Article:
Predictive Analytics: the Power to Predict Who Will Click, Buy, Lie, or Die Hardcover – 8 Mar 2013
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Praise for Predictive Analytics
"What Nate Silver did for poker and politics, this does for everything else. A broad, well–written book easily accessible to non–nerd readers."
DAVID LEINWEBER, author of Nerds on Wall Street: Math, Machines and Wired Markets
"This book is an operating manual for twenty–first–century life. Drawing predictions from big data is at the heart of nearly everything, whether it′s in science, business, finance, sports, or politics. And Eric Siegel is the ideal guide."
STEPHEN BAKER, author of The Numerati and Final Jeopardy: Man vs. Machine and the Quest to Know Everything
"Simultaneously entertaining, informative, and nuanced. Siegel goes behind the hype and makes the science exciting."
RAYID GHANI, Chief Data Scientist, Obama for America 2012 Campaign
"This is Moneyball for business, government, and healthcare."
JIM STERNE, founder, eMetrics Summit; chairman, Digital Analytics Association
"Predictive Analytics is not only a deeply informative dive into a topic that is critical to virtually every sector of business today, it is also a delight to read."
GEOFFREY MOORE, author of Crossing the Chasm
"The future is right now you′re living in it. Read this book to gain understanding of where we are and where we′re headed."
ROGER CRAIG, record–breaking analytical Jeopardy! champion; CEO, Cotinga
From the Inside Flap
You have been predicted by companies, governments, law enforcement, hospitals, and universities. Their computers say, "I knew you were going to do that!" These institutions are seizing upon the power to predict whether you′re going to click, buy, lie, or die.
Why? For good reason: predicting human behavior combats financial risk, fortifies healthcare, conquers spam, toughens crime fighting, and boosts sales.
How? Prediction is powered by the world′s most potent, booming unnatural resource: data. Accumulated in large part as the by–product of routine tasks, data is the unsalted, flavorless residue deposited en masse as organizations churn away. Surprise! This heap of refuse is a gold mine. Big data embodies an extraordinary wealth of experience from which to learn.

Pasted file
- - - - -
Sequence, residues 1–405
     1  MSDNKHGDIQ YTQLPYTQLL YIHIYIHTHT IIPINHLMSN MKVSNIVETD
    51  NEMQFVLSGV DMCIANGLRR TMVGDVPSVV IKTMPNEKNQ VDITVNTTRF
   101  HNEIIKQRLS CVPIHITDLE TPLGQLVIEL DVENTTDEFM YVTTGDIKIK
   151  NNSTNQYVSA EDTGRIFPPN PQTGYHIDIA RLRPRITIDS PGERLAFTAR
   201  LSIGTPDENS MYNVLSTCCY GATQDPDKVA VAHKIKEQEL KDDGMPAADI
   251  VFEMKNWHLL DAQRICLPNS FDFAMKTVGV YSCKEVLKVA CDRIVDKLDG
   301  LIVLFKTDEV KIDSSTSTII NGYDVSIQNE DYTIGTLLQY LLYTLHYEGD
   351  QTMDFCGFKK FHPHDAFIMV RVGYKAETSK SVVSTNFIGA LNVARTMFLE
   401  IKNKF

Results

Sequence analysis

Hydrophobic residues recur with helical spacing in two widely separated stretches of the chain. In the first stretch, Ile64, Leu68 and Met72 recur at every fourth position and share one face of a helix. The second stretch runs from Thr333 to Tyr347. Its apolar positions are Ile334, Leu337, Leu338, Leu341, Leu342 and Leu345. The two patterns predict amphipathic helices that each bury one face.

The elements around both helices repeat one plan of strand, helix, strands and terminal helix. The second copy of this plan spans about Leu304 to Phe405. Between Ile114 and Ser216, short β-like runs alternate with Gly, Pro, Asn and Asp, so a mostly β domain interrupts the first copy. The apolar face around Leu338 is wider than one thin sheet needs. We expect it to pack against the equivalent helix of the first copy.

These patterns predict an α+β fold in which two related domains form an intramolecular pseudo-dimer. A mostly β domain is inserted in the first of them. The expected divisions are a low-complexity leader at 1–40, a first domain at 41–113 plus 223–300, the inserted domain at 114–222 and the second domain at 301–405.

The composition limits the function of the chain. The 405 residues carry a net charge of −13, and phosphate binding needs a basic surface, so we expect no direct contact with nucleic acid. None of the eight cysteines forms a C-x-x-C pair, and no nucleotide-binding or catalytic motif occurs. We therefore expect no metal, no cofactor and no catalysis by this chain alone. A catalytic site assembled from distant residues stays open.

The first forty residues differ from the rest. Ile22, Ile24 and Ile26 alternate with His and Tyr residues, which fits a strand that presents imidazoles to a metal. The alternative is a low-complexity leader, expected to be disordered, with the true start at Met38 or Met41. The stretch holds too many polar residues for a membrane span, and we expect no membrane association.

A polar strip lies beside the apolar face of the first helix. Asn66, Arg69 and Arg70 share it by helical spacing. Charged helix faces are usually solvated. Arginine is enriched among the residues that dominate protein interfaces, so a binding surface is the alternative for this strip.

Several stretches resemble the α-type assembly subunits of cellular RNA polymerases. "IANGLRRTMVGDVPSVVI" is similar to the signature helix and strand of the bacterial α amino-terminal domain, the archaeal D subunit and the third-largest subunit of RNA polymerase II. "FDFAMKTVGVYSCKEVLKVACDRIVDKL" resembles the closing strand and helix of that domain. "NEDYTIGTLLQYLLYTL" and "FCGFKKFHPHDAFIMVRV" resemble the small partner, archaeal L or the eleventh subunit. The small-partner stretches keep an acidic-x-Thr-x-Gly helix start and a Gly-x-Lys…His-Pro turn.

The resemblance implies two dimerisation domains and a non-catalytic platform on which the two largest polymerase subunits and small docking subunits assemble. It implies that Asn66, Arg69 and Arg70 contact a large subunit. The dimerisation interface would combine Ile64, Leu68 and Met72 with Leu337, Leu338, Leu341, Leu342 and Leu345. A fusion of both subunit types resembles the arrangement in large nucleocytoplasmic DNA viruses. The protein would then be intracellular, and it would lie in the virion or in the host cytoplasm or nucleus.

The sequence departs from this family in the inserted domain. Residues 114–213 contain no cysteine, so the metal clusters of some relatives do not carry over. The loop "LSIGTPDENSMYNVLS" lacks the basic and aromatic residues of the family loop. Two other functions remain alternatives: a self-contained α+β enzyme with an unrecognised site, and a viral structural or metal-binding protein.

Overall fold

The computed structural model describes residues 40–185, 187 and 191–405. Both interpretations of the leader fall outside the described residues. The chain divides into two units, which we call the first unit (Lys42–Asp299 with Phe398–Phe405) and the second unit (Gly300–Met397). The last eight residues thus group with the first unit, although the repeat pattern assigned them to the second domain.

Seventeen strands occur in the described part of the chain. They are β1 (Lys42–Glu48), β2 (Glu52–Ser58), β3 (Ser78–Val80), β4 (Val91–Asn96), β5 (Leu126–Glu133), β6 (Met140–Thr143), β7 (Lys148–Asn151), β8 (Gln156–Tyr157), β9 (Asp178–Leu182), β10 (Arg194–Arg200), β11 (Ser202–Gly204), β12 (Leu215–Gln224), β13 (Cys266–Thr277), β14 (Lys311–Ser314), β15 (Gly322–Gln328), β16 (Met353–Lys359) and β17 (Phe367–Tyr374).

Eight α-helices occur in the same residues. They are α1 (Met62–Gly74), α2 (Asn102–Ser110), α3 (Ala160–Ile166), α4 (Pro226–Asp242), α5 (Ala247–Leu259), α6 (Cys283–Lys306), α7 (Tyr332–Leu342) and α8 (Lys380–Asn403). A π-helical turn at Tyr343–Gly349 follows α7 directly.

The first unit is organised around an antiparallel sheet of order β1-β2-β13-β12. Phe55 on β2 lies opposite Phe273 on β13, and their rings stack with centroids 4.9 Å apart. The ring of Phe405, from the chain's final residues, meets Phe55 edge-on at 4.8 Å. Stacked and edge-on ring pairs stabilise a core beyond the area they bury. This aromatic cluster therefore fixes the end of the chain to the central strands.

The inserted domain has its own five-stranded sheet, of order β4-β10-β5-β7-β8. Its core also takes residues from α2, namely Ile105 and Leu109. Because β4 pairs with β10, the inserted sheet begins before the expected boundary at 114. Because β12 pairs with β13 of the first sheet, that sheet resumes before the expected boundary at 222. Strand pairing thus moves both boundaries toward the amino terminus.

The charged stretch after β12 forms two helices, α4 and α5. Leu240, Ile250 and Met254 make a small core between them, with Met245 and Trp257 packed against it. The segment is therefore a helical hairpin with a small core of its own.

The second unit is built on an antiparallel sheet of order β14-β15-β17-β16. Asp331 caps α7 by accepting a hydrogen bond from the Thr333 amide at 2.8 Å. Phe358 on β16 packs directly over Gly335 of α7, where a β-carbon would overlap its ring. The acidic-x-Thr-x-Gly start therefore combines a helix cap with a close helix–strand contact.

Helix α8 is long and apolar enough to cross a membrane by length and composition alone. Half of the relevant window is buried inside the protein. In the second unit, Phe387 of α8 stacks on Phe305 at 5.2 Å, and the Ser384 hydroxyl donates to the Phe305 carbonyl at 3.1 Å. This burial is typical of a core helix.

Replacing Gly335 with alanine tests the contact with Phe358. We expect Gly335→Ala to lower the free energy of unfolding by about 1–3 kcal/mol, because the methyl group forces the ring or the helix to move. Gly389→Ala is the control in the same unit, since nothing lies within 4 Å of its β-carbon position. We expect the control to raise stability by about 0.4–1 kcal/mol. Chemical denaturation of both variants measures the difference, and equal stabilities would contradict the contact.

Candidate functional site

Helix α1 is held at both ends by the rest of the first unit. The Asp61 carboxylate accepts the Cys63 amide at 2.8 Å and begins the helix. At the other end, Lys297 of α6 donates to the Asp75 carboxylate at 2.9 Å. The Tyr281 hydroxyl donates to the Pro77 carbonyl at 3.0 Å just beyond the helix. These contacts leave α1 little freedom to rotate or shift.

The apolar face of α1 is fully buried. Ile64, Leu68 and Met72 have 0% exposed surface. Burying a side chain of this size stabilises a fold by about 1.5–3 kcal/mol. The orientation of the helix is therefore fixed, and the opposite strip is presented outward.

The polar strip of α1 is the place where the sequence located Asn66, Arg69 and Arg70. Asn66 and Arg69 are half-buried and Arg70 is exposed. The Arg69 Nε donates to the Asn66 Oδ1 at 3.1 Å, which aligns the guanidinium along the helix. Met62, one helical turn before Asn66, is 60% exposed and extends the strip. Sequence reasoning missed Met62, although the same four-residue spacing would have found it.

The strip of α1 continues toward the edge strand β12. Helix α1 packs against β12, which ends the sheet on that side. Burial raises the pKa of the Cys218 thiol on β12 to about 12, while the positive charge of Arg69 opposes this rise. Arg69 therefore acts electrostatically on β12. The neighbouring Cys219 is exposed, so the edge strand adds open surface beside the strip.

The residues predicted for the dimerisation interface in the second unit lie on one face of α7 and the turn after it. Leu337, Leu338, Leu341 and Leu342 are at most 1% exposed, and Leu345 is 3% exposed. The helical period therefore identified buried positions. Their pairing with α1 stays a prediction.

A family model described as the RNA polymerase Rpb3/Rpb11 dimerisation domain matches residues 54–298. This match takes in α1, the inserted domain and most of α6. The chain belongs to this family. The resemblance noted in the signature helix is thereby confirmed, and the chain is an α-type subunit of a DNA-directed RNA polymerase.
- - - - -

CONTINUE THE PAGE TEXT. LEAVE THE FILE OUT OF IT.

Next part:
Predictive analytics unleashes the power of data. With this technology, the computer literally learns from data how to predict the future behavior of individuals. Perfect prediction is not possible, but putting odds on the future lifting a bit of the fog off our hazy view of tomorrow means pay dirt.
In this rich, entertaining primer, former Columbia University professor and Predictive Analytics World founder Eric Siegel reveals the power and perils of prediction:
- What type of mortgage behavior Chase Bank predicted
- Predicting which people will drop out of school, cancel a subscription, or get divorced before they are even aware of it themselves
- Why early retirement decreases life expectancy and vegetarians miss fewer flights
- Five reasons why organizations predict death
- How U.S. Bank and Obama′s 2012 campaign calculated the way to most strongly influence each individual
- How IBM′s Watson computer beat the human champs on TV′s Jeopardy!
- How Target figures out you′re pregnant and Hewlett–Packard deduces you′re about to quit your job
- How judges and parole boards rely on crime–predicting computers to decide who stays in prison and who goes free
- What′s predicted by Citibank, Facebook, Ford, Google, IBM, the IRS, Match.com, Pfizer, and Wikipedia
A truly omnipresent science, predictive analytics affects everyone, every day. Although largely unseen, it drives millions of decisions, determining whom to call, mail, investigate, incarcerate, set up on a date, or medicate. Whether you are a consumer of it or consumed by it get a handle on the power of Predictive Analytics.See all Product Description
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Top Customer Reviews
However, this book is more of a story that shows where the field came from, who are the main players and how it is being used (and will be used) in various sectors and industries. The book is written very well and is successful in engaging the reader and creating 'Interest' in the field. Although there is little detail regarding how to conduct the modelling, the end result of reading this book is increased awareness and interest in this field, the appendix at the end has lots of great references and recommendations for further reading, providing the detail that i was looking for.